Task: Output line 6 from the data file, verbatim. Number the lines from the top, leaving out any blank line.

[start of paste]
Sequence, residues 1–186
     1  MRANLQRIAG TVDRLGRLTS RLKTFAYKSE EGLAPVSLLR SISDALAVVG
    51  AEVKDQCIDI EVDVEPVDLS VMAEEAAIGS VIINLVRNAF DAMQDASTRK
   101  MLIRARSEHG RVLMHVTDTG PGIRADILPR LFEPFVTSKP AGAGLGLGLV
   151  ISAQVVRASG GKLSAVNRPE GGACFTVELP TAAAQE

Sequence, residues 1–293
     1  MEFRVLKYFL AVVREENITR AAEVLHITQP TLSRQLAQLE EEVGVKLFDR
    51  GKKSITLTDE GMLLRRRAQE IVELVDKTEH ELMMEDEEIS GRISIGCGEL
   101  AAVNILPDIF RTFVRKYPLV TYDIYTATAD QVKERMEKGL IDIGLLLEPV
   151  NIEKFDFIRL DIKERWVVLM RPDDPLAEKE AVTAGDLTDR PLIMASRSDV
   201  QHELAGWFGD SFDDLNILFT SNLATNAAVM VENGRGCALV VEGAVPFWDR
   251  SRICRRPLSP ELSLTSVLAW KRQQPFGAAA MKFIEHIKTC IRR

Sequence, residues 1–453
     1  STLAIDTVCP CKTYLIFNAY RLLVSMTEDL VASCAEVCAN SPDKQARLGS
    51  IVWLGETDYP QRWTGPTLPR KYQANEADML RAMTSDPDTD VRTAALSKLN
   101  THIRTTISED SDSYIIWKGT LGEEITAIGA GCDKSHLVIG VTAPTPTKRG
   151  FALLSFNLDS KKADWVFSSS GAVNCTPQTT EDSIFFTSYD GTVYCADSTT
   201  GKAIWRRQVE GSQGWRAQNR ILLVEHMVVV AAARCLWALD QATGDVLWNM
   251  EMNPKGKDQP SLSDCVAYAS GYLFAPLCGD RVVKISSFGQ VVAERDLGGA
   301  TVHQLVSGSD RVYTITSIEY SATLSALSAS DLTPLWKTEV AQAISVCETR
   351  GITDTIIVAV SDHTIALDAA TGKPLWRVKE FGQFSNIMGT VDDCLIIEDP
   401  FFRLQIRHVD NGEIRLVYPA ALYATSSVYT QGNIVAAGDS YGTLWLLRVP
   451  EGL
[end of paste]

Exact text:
Sequence, residues 1–293